2410-153219Written by
Paul Briggs

Most of what I know about writing I learned from other writers. Sometimes they were literal teachers — my creative writing instructor at Washington College was a novelist named Robert Day — but usually I learned from reading their works and seeing what they did right or wrong.

One lesson came from a writer at alternatehistory.com: Never put the same tragedy in the backstories of two different characters, or it will turn into a running joke. (The writers of Avatar: The Legend of Korra could have profited from this.)

From Orson Scott Card (yes, really): This is something Card learned from a teacher named Francois Camoin: “When you have a word embodied in a story, the word itself should never appear.” Card applied this to his short story “Eumenides in the Fourth Floor Lavatory.” To pick an example everyone’s likely to be more familiar with, read The Runaway Bunny and notice how the word “love” isn’t in it.

From Harlan Ellison: That thing you think is too controversial to write about? Go ahead and write about it. Ellison once wrote a short story, “Croatoan,” about aborted fetuses surviving and growing in the New York City sewers. It got pretty much the reception you’d expect. He survived.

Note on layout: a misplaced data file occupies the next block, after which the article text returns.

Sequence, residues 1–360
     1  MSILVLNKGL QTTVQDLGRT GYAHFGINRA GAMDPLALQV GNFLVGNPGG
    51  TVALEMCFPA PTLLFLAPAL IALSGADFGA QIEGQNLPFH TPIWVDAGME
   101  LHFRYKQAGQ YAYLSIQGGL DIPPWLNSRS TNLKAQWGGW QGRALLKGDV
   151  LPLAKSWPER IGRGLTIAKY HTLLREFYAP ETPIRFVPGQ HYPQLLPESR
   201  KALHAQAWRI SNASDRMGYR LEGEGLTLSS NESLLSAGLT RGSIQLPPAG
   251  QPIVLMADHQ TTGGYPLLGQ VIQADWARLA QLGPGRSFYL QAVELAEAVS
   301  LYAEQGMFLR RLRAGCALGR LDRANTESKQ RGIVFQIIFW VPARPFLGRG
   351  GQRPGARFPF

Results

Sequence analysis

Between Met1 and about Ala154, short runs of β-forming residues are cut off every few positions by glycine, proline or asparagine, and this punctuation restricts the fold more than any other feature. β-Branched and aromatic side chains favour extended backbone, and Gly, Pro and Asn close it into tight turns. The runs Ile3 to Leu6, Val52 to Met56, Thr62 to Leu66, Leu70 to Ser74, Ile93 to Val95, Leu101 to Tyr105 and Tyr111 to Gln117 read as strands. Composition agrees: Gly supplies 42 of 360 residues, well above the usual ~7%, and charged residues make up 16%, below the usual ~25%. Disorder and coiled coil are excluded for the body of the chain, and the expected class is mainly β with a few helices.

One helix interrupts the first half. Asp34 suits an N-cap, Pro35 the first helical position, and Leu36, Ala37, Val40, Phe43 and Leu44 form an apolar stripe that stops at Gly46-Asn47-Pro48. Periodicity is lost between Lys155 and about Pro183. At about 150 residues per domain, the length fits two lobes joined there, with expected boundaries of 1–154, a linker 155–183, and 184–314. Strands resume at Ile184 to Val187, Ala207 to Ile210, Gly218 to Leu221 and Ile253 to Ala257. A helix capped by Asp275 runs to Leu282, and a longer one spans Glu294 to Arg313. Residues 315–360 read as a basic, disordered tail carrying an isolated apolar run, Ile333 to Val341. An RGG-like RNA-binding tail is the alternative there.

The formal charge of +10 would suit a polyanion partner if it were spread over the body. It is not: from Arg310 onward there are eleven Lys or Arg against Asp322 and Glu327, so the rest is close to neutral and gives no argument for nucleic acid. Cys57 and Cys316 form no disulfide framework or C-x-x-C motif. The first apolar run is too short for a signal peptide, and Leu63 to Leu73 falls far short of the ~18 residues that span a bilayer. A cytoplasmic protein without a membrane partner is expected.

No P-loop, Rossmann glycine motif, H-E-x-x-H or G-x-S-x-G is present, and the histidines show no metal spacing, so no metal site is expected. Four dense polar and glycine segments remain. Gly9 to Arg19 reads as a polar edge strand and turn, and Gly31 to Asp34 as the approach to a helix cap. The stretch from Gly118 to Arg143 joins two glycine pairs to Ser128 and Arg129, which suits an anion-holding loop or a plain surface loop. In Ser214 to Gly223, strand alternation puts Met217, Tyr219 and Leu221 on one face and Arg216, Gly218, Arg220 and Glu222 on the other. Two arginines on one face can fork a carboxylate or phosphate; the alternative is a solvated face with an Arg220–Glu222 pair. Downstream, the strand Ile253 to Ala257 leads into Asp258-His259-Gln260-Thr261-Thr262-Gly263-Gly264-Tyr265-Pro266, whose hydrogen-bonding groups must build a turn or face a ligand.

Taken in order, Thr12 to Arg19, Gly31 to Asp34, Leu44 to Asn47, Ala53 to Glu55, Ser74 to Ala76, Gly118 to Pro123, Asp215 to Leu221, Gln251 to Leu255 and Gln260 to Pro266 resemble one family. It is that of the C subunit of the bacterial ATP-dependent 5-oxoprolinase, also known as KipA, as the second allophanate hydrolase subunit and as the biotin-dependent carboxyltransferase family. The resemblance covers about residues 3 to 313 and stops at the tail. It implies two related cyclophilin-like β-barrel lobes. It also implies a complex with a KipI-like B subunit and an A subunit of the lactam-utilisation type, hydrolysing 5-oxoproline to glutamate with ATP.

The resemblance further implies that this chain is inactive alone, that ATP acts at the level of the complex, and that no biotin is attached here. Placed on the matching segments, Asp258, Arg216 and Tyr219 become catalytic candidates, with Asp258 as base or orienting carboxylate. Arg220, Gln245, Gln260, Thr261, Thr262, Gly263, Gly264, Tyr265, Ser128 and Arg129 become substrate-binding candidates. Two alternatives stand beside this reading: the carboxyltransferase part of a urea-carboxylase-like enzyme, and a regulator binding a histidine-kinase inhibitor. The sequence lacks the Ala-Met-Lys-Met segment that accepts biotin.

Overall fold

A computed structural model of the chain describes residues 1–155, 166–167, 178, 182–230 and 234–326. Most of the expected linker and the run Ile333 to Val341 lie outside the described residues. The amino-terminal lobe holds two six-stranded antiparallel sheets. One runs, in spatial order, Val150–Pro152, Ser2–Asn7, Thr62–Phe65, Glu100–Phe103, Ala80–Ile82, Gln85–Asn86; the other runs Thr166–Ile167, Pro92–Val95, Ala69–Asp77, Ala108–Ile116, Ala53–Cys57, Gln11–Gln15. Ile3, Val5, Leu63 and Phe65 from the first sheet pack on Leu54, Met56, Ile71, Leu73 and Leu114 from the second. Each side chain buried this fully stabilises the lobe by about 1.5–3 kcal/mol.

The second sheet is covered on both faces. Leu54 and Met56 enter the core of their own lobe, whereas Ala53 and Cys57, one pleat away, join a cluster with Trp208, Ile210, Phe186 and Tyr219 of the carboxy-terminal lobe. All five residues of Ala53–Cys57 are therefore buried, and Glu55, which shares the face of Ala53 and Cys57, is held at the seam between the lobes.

From H.P. Lovecraft: Know your strengths and weaknesses. Lovecraft couldn’t write dialogue that sounded like people talking, so he seldom wrote dialogue at all.

From Arthur Machen: Never write a paragraph so long it doesn’t fit on the page. When I tried to read those extra-long paragraphs of his, it felt like my eyeballs were holding their breath, if that makes any sense.

From Vladimir Nabokov: If you use a word the reader isn’t likely to know, make sure they can guess it from context, or at least find it in the dictionary. I’m still a little irritated over that phrase “lithophanic eternities” in a crucial passage ofLolita. My best guess is that a lithophanic eternity is supposed to be better than a non-lithophanic one.

From Naomi Novik: The rule “show, don’t tell” doesn’t apply to everything — just the things that matter. Carefully violating it can be a good way to draw a distinction between the details of a scene that are actually important and that the reader should remember, and those that are just there to make the scene feel complete. I learned this from reading a paragraph in which Novik described a conversation in terms of social dynamics without once quoting anybody or saying what they were talking about. Try reading Poe’s “Masque of the Red Death,” and notice how detailed he is in describing the suite of rooms, and how vague in describing the revelers.

From Terry Pratchett: A humorous tone throughout most of a novel doesn’t take away from its ability to handle serious matters — in fact, it can make the serious moments all the more poignant.

From Harry Turtledove: It’s better to create one complex and interesting character than a hundred that are barely sketched out. (Turtledove has done both.)

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